Edgewater, NJ
    JC is right on the money. We're all a little nuts here and a lot of our members are pros or very avid amateurs that prep a lot of food. You absolutely don't need a huge knife, and you should absolutely not get one longer than you feel comfortable with. We've got a ton of pros here too that use shorter knives because their work space makes a larger knife impractical. So think about what you're comfortable with and what might work best in your cooking area. As for your other questions, in practical terms most decent retail knives will come sharp enough for most right out of the box. But we here are sharpness and performance junkies, so we've got a slightly different definition of "sharp". Most here will usually immediately put their own edges on a knife but the original edge should be enough to get the job done. Now, to sharpen we usually use Japanese Water stones. But that doesn't necessarily mean that you have to as well. There are plenty of professional sharpeners out there if you want to go that route. But it's pretty simple to learn how to use a cheap waterstone, and it's probably the cheapest route in the long run. Strops can keep edges alive longer (kinda like steels for German knives), but aren't absolutely necessary. It's a pretty good and cheap investment, though, if you ask me.

    Can you tell us a bit about what you're looking for, home cook or pro, etc? It would also be good to figure out how much you care about cranking that last little bit of performance out of your knives and if the idea of maintaining them yourself appeals to you.

  5. #5
    Senior Member Cadillac J's Avatar
    Join Date
    Mar 2011
    I don't remember the last time I purchased a knife and didn't immediately put my own edge on it.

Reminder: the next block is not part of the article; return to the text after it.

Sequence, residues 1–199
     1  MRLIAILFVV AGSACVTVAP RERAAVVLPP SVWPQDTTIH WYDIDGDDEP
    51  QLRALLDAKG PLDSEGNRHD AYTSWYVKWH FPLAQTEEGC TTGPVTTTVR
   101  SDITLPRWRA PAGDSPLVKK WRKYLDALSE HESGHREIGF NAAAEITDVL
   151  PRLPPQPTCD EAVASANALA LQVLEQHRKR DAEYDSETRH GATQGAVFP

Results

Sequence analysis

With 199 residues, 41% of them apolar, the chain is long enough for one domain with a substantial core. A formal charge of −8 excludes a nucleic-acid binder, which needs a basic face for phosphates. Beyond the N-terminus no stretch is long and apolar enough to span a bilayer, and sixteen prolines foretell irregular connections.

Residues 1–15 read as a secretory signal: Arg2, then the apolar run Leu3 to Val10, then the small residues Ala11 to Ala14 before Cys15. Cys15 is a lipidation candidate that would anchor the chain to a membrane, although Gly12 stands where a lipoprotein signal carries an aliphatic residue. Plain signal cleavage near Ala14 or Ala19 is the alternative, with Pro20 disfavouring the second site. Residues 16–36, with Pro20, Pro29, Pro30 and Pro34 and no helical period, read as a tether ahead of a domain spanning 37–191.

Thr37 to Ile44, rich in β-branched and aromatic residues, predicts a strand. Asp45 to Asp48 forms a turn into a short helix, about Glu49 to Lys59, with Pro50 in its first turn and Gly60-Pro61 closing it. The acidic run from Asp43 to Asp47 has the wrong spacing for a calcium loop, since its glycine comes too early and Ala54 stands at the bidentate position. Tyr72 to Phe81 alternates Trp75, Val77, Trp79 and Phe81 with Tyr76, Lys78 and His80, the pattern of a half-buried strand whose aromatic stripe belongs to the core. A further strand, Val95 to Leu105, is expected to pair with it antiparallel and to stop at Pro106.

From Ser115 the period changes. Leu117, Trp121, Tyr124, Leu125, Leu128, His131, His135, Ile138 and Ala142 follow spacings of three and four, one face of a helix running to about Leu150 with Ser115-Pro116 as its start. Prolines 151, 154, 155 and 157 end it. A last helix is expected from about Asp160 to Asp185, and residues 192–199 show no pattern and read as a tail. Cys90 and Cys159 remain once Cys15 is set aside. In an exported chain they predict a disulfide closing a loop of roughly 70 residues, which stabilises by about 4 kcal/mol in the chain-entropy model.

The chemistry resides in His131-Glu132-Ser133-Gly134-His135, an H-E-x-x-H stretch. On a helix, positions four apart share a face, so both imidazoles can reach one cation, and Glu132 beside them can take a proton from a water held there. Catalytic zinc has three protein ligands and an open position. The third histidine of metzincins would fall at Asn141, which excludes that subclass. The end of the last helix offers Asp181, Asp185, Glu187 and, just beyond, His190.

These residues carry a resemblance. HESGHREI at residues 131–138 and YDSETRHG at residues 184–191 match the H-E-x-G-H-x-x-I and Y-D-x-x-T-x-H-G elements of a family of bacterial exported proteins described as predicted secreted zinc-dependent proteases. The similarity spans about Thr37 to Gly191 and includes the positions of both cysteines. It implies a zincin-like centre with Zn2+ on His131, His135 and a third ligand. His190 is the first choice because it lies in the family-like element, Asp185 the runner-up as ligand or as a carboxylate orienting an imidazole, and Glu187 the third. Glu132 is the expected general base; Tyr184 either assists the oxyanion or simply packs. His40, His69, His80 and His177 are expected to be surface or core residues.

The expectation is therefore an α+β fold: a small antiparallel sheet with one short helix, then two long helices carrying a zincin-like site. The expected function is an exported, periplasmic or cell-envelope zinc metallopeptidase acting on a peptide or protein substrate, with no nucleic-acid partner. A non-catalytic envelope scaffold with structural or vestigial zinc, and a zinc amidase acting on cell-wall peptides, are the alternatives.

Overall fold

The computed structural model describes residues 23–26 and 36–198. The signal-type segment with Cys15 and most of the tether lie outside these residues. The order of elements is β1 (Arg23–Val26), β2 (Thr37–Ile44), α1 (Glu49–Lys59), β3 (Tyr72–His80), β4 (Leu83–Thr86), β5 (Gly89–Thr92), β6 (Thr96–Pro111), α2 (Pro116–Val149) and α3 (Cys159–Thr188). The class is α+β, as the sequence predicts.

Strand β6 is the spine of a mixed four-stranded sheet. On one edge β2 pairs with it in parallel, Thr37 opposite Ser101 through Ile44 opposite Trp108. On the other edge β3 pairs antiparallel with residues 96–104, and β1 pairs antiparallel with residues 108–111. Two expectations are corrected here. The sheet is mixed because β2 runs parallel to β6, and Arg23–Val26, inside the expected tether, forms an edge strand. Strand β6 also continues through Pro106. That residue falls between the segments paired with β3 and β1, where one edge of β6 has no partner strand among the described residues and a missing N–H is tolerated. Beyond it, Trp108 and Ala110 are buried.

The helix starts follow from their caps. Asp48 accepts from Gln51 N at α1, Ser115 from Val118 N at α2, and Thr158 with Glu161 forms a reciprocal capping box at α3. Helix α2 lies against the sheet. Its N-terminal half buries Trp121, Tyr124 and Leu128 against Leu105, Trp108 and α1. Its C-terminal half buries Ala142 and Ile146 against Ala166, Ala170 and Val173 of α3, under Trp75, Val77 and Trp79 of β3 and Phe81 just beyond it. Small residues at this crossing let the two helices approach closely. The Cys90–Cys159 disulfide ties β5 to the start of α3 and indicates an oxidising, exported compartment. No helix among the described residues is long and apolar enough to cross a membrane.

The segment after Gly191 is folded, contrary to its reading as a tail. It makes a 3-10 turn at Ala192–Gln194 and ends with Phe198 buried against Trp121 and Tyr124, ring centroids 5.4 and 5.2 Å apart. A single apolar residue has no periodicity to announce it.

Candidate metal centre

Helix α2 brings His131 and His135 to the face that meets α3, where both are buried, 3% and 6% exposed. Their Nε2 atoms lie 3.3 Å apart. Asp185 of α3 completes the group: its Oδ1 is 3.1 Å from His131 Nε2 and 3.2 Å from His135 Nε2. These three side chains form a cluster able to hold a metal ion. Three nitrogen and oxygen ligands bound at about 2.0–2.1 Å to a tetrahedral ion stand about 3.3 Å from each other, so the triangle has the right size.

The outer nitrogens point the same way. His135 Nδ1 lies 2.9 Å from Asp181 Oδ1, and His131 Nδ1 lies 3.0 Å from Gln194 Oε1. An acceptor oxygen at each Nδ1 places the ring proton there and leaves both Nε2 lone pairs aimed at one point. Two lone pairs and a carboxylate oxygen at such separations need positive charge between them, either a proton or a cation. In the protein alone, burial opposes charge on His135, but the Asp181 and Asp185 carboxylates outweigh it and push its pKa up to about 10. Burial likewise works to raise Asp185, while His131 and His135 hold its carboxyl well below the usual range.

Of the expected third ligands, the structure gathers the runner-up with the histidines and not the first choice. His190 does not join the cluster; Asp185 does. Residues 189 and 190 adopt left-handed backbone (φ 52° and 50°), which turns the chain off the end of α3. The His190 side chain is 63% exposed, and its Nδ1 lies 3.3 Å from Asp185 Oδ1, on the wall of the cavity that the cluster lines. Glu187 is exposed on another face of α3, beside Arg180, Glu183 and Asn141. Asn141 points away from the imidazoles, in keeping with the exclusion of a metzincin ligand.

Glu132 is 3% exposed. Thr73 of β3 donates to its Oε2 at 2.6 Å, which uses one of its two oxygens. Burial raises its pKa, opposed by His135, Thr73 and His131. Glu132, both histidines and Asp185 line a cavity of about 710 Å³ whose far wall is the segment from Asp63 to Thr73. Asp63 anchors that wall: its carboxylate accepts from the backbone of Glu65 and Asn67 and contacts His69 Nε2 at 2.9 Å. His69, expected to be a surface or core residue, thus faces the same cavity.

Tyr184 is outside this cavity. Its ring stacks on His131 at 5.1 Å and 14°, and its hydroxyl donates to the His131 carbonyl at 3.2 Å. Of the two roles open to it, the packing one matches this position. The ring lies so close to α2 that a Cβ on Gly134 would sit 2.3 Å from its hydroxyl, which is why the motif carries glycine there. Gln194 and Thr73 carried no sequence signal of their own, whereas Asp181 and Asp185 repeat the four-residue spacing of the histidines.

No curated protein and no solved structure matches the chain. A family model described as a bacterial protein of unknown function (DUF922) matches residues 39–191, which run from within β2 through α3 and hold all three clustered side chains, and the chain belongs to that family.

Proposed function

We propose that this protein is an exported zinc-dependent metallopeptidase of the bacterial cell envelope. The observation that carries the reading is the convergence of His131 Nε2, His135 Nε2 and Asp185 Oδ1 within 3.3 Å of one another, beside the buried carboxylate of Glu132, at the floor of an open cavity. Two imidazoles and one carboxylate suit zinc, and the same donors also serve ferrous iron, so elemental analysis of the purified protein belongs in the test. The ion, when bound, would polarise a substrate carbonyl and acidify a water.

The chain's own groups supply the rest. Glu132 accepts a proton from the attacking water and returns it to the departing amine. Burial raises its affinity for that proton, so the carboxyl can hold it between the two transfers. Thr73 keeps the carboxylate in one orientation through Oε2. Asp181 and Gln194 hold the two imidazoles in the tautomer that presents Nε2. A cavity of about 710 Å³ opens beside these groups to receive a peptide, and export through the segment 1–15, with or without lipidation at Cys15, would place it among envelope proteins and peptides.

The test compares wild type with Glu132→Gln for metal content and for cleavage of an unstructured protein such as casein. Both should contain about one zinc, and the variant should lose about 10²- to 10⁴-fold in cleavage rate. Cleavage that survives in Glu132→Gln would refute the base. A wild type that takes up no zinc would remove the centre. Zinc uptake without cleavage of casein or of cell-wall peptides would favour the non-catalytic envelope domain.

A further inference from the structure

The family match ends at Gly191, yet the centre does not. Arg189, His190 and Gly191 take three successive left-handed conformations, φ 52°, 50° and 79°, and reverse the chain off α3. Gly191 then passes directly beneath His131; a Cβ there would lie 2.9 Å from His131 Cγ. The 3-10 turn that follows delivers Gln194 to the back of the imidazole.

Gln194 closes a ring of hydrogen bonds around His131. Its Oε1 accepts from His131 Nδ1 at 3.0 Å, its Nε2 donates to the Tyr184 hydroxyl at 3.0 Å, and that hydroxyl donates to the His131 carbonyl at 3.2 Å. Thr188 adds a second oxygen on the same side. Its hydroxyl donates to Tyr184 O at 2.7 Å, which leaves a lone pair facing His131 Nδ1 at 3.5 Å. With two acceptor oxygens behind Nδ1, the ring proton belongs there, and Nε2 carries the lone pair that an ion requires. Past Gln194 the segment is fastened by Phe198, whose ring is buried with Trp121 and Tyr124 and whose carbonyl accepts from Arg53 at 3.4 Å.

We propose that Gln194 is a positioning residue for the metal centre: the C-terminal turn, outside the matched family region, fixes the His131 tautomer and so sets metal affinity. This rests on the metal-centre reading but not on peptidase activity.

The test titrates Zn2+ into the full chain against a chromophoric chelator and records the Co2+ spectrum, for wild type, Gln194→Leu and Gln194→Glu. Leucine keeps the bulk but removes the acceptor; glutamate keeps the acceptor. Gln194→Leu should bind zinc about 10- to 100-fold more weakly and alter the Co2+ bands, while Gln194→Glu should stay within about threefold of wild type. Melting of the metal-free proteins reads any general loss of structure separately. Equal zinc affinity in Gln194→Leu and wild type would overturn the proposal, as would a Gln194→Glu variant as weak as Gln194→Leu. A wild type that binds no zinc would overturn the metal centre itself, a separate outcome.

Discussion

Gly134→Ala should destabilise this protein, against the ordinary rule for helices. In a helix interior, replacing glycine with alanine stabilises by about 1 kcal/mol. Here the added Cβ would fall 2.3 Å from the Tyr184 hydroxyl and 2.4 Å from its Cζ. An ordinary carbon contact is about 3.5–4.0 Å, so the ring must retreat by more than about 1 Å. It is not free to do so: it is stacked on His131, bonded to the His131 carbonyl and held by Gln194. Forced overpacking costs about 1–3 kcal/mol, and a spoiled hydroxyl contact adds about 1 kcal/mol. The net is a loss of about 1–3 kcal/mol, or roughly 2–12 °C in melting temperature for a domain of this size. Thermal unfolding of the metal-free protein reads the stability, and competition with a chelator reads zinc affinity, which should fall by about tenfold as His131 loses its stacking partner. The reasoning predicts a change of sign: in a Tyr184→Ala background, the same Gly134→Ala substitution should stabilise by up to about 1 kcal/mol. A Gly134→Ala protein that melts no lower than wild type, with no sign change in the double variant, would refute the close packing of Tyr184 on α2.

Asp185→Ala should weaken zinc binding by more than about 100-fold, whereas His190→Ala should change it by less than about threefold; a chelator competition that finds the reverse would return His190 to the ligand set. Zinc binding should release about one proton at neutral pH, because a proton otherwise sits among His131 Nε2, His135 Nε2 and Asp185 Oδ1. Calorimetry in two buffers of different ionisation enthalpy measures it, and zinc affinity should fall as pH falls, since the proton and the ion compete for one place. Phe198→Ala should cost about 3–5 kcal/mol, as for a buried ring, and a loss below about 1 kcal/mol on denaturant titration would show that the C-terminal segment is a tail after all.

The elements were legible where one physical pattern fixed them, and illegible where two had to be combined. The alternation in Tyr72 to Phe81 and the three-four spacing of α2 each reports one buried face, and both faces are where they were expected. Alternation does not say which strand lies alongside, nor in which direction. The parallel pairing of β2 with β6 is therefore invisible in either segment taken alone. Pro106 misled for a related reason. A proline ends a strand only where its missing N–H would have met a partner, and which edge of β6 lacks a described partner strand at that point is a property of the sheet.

Factory edges can sometimes be serviceable straight out the box, but none have been close to near what they are capable of in my experience.

    Get yourself some stones and a j-knife and eventually your eyes, heart and wallet will soon be open to what is possible.

  6. #6
    Hiromoto 240 as Guyot and a King combo 1000/6000 is a good start :P
    And surf the web for sharpening vids

  7. #7
    Size is totally a matter of preference at home. Get whatever size you like.

    There is a questionnaire that I made, its stickied in the "kitchen knife" forum. It is designed with YOU in mind, exactly in your situation--a casual user who wants to find the perfect fit without educating themselves on a fairly complex subject. I highly recommend you fill it out, the words like "grip" and "cutting motion" are links to the Glossary that explain what they are.

    As far as care for your knives, I'd suggest a honing rod or a simple strop, depending on your knife and board. Get a good board, as good as you can afford. It's a one-time purchase.

    I also think you should buy one knife at a time, you would be amazed at how much you can do with one great knife.